Cuba
April 05, 2019

U.S. Temporarily Allows Lawsuits Against Certain Cuban Firms

By Daniel Harris

Cuban businesses with international exposure operate on expropriated assets. (Photo Credit: Kempinski Hotels)

 

 

Americans have until May 1 to bring lawsuits against Cuban companies on a U.S. blacklist following a decision by the U.S. State Department to invoke the partial implementation of legislation dating back to the mid-1990s.

The Cuban Liberty and Democratic Solidarity (Libertad) Act, also known as the Helms-Burton Act, provided economic assistance to form a democracy on the island. Title III of the 1996 law allows U.S. nationals with “claims to confiscated property in Cuba” to file suit in U.S. court against persons “trafficking” in that property. The provision allows lawsuits against entities under the control of the Cuban security services, as identified by the U.S. Department of State’s List of Restricted Entities and Subentities Associated With Cuba.

Every administration has suspended its implementation until now. Cuba’s repression of its own people has persisted and worsened over that period of time, a senior Trump administration official told reporters in March.

Secretary of State Mike Pompeo, on March 19, partially enacted Title III for a period of 30 days. This week, he extended the period until May 1. Under the implementation, Americans can bring suit against the Cuban entities, but not their foreign partners in joint ventures.  

When extending the partial implementation this week, the State Department said it continues to examine human rights conditions in Cuba, and that it is monitoring Havana’s support for the Venezuelan government led by Nicolas Maduro.

“We encourage any person doing business in Cuba to reconsider whether they are trafficking in confiscated property and abetting the Cuban dictatorship,” the State Department said.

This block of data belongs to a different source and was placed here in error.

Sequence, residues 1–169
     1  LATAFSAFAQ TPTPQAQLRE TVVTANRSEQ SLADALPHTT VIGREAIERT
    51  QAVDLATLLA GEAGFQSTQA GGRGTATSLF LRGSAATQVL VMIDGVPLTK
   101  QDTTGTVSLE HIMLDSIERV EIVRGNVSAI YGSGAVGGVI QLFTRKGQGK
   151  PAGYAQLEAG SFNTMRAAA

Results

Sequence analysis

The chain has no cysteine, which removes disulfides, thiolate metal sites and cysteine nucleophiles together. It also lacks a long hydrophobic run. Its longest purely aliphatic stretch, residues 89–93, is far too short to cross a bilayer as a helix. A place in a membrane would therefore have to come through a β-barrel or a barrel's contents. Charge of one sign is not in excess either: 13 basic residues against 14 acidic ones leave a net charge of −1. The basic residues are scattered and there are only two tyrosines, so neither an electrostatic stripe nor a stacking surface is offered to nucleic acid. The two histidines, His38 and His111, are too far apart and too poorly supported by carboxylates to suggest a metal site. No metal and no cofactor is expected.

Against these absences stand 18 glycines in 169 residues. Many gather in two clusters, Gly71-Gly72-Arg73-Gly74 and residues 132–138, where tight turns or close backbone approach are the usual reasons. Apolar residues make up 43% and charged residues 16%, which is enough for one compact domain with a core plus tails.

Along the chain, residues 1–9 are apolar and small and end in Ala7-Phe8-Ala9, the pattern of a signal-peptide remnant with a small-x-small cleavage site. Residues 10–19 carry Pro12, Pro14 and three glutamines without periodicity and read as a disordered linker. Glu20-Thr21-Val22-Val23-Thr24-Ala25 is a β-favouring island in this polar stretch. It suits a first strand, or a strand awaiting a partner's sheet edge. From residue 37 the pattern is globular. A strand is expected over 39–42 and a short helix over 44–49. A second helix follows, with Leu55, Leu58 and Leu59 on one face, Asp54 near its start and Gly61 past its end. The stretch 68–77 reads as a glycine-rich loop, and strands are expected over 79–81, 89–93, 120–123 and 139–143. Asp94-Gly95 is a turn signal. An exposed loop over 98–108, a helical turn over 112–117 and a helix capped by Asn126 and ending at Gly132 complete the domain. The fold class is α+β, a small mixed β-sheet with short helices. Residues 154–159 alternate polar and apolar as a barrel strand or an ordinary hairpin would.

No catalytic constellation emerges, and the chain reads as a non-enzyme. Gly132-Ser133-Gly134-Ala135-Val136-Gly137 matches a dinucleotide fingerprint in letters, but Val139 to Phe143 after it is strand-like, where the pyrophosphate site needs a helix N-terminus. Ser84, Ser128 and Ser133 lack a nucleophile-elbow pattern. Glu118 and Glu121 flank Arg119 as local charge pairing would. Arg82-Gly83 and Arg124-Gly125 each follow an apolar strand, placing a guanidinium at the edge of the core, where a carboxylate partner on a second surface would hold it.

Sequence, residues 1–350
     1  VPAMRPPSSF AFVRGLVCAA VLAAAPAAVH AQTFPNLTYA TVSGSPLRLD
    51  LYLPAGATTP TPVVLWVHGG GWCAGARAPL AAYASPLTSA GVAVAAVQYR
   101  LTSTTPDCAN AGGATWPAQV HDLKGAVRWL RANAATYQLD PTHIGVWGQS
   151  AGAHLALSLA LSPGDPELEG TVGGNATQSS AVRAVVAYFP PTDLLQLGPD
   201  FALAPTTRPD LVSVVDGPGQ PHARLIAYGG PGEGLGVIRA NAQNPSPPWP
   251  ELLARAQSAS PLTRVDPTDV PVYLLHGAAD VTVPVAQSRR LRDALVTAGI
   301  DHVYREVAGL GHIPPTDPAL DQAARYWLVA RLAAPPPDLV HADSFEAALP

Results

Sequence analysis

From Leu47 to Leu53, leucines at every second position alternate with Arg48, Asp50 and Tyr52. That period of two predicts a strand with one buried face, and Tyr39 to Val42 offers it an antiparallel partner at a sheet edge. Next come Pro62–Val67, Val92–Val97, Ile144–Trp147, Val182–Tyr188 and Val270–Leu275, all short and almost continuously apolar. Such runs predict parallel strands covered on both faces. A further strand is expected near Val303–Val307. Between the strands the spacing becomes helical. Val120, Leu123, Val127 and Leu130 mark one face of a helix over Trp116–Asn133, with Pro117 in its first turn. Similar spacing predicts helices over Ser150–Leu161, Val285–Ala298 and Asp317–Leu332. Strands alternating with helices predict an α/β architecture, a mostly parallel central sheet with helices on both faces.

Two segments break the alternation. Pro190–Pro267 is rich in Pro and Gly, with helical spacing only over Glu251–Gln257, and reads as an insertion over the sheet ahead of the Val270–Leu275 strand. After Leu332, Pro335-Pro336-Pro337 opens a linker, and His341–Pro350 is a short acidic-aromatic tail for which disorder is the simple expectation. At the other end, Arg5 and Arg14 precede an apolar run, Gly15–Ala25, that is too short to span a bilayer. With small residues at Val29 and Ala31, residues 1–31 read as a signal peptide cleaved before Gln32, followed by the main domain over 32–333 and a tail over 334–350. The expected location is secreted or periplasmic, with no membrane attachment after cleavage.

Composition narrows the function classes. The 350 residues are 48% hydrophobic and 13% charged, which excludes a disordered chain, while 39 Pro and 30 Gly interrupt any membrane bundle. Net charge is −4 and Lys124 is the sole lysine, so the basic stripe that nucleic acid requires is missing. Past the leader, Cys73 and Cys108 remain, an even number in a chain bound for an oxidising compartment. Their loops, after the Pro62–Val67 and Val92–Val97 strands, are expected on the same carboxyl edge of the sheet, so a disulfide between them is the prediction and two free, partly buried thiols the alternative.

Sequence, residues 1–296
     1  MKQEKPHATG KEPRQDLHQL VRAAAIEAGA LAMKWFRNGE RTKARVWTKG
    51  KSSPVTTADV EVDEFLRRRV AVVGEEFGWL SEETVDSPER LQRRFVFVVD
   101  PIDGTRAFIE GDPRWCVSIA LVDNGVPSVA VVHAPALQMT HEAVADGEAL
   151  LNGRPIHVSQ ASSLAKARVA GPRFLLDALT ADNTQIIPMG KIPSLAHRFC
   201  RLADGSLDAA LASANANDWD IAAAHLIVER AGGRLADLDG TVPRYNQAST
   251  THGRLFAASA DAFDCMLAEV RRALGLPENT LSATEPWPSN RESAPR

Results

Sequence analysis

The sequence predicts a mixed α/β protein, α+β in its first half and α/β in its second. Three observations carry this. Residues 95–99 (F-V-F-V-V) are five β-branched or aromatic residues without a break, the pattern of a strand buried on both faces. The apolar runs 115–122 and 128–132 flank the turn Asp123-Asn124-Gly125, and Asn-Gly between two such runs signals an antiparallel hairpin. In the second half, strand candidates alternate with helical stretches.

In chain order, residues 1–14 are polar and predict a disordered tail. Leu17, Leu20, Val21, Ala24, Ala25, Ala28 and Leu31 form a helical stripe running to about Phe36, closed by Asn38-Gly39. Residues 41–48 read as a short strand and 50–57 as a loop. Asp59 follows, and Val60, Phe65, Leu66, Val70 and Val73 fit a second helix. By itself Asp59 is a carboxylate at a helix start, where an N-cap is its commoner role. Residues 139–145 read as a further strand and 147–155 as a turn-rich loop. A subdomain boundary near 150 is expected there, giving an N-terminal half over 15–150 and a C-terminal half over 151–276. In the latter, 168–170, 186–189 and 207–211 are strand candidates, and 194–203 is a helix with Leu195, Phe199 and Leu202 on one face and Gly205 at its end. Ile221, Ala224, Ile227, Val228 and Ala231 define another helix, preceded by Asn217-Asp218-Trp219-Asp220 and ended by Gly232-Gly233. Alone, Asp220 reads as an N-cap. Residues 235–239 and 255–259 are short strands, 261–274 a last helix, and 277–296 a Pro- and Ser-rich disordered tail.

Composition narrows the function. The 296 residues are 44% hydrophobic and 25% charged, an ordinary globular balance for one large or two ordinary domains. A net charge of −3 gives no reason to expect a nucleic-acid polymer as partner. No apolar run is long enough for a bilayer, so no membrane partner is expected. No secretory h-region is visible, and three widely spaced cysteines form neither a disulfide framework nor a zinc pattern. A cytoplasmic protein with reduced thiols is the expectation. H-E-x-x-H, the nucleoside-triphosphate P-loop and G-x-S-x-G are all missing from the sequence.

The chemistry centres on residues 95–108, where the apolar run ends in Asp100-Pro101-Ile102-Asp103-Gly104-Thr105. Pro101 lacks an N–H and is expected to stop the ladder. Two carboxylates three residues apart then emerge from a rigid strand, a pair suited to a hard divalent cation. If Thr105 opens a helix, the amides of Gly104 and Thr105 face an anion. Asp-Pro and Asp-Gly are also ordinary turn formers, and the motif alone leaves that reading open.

The Trump administration launched the Cuba Restricted List in 2017 after its reversal of rapprochement between Washington and Havana under President Barack Obama. The list has since been revised periodically.

The Cuba Restricted List contains more than 200 entities operating in Cuba’s defense, tourism, hospitality, and general merchandise sectors. International tourism represents a key source of income for the Cuban government, and hotel operations make up the bulk of state sector earnings, according to a Brookings report.

Grupo de Turismo Gaviota (Gaviota), the largest Cuban hotel operator, is among the Cuba Restricted List entities. Gaviota is owned by Grupo de Administración Empresarial SA (Gaesa), which in turn is controlled by the Cuban Ministry of the Revolutionary Armed Forces, both restricted list entities. Kharon analysis found that Gaviota owns, controls, or operates more than 50 entities on the restricted list.

Gaviota operates the flagship five star Gran Hotel Manzana Kempinski in Havana, another restricted entity, alongside Switzerland-based hotel operator Kempinski. The building was taken over by the Cuban government in 1960. In recent years, the French construction company Bouygues Bâtiment International converted the building to a hotel, which opened in 2017.

Other countries do not follow the restrictions laid out under the Libertad Act. In November 1996, months after the U.S. enacted the law, the European Union passed a blocking regulation that prohibits EU persons and entities from complying with U.S. restrictions set forth in the Libertad Act.